Juventus wrapped up their 29th championship on Sunday after a season which rarely looked anything other than a procession, with Napoli and Inter Milan taking turns to trail in their wake.
Now Conte wants to add European success to their domestic dominance and has made clear that he wants to see financial investment by the Turin club.
"If you have money, you buy players and you win," Conte said after Juve were eliminated from the Champions League by Bayern Munich last month.
"There are superpowers like Real, Bayern, Barcelona and PSG who have a turnover of 400 million euro. I think we need to change Italian football and when I say we I mean us, the other clubs, media, fans and institutions.
"Abroad they invest money in projects, here we talk about referees and what cars the players are driving."
According to a report in the Gazzetta Dello Sport, Conte wants an extension to his contract, which expires in 2015, and an increase in his reported salary of three million euros to five million.
He also wants the capability to buy the world's best players and even on the eve of sealing this season's title he dropped hints that he would consider leaving if they did not help him to achieve his ambitions.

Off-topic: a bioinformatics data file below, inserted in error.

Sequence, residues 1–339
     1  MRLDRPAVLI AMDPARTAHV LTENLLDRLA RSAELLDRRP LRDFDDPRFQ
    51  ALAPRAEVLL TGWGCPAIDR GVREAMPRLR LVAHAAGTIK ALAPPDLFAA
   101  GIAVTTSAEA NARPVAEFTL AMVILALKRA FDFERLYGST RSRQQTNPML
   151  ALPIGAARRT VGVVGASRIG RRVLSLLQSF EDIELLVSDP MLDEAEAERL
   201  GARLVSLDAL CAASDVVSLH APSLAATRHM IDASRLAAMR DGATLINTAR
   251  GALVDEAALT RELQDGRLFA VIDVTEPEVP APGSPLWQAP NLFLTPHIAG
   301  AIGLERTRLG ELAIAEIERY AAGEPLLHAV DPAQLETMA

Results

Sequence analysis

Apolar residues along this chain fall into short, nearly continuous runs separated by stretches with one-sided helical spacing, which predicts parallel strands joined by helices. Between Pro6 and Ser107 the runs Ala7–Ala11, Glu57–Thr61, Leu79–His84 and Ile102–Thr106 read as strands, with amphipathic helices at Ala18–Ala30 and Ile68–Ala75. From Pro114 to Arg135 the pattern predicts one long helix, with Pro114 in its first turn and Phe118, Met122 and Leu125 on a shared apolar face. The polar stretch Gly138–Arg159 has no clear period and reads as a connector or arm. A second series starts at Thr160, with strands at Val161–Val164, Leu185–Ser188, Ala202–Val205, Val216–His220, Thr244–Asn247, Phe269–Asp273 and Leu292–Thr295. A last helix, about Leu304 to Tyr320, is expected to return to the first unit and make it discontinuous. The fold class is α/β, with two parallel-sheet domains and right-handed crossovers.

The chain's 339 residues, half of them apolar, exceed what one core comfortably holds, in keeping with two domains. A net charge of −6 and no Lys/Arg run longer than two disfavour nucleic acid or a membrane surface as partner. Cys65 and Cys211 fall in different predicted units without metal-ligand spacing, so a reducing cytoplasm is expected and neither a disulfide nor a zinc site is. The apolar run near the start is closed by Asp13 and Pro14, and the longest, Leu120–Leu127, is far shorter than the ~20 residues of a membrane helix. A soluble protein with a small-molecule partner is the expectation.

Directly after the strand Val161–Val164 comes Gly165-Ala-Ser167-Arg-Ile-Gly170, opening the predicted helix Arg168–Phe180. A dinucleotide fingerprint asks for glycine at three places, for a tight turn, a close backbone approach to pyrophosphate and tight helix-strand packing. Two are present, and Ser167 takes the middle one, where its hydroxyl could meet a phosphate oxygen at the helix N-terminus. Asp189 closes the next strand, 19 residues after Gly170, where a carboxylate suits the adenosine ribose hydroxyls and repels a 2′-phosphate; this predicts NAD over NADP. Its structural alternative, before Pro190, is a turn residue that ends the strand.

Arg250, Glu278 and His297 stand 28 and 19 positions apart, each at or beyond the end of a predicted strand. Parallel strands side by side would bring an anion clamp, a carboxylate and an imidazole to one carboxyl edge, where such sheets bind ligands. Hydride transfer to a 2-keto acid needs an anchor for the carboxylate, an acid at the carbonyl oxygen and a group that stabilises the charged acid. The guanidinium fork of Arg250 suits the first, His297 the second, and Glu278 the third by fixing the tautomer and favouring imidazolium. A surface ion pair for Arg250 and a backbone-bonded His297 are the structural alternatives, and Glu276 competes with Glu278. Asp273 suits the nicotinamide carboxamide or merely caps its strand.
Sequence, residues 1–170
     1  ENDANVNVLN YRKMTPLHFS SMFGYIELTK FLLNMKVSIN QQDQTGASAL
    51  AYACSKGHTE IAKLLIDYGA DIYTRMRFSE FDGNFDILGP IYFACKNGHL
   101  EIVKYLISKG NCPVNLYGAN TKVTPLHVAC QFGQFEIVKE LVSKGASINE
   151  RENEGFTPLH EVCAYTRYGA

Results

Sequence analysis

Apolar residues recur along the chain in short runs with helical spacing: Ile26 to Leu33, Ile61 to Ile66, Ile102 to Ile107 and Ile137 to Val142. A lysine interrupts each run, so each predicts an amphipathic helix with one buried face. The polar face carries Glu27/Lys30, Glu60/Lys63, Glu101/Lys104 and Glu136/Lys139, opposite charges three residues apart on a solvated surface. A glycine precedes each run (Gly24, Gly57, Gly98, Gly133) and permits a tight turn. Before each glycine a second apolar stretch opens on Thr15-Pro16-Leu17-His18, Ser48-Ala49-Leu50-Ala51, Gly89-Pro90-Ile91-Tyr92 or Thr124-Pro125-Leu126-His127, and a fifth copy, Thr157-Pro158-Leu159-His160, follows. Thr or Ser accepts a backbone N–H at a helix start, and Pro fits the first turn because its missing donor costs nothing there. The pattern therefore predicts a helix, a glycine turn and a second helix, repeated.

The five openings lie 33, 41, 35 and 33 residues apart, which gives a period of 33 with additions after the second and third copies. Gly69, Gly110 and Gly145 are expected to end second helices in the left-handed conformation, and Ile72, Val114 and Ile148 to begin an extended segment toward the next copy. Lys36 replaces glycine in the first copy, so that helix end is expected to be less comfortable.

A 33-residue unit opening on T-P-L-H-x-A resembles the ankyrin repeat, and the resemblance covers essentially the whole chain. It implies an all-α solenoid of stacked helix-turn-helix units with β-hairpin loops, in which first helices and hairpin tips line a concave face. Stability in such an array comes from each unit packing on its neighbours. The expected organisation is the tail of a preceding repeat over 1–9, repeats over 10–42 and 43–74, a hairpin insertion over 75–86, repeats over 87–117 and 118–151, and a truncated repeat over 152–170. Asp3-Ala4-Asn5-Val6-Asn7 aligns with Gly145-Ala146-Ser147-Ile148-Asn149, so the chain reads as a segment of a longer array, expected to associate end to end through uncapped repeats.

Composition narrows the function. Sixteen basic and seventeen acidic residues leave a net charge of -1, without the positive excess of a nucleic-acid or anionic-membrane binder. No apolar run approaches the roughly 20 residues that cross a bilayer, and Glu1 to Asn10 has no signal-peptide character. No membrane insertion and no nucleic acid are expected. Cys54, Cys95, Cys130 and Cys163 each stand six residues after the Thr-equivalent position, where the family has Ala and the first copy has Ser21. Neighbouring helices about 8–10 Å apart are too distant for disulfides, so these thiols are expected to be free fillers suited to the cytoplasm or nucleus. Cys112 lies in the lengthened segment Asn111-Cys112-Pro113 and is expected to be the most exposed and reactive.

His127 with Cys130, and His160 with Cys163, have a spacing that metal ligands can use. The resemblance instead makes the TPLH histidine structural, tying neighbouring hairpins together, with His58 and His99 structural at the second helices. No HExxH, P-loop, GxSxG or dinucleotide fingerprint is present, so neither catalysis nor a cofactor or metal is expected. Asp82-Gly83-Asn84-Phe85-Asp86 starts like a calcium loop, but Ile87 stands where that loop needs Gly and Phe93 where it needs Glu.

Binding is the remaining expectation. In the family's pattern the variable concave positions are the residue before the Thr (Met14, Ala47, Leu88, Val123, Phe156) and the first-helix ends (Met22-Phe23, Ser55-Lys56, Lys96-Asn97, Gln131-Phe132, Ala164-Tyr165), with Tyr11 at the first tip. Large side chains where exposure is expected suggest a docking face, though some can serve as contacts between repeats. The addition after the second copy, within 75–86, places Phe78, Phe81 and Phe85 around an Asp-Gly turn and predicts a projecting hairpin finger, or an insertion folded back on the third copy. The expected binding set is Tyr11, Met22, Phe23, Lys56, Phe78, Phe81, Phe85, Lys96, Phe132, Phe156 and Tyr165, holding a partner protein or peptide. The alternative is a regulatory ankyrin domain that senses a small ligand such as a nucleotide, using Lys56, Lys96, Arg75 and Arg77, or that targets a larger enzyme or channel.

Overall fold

"Conte the man definitely wants to stay at Juventus," he said in Saturday's pre-match conference. "However there is also Antonio Conte the professional, who needs to sit down with the club... I've left big jobs before when I didn't believe in the club's plans."
Conte, who played for Juve for 13 years and was captain for eight of them, winning five Serie A titles, the UEFA Cup and the Champions League, embodies a Juventus mentality that inspires devotion in the "Old Lady's" nationwide army of fans and loathing in almost everyone else.
His combative, often surly attitude has helped to reinforce a siege mentality created after they had two league titles taken from them as a result of the 2006 Calciopoli match-fixing scandal.
While Juventus are far from being the league's most flamboyant side, their levels of organisation and teamwork perfectly reflect Conte's own playing days.
However, his manner has also landed him in trouble with the football authorities and he received a two-match touchline ban in January for haranguing referee Marco Guida after he failed to award them a penalty for handball in stoppage time of their 1-1 draw with Genoa.
That came soon after he completed a four-month ban for failing to report a match-fixing attempt when he was coach of Siena, which dominated headlines during the first half of the season.
After the first appeal against his initial 10-month ban was rejected last August, Conte held a news conference in which he ranted about the Italian Football Federation, calling it a "disgrace".
On both occasions the club backed Conte, with president Andrea Agnelli saying the appeal ruling confirmed the club's "worst suspicions" about Italy's football justice system which "seems more and more like a witch-hunt".
- Sports & Recreation
- Antonio Conte
- Bayern Munich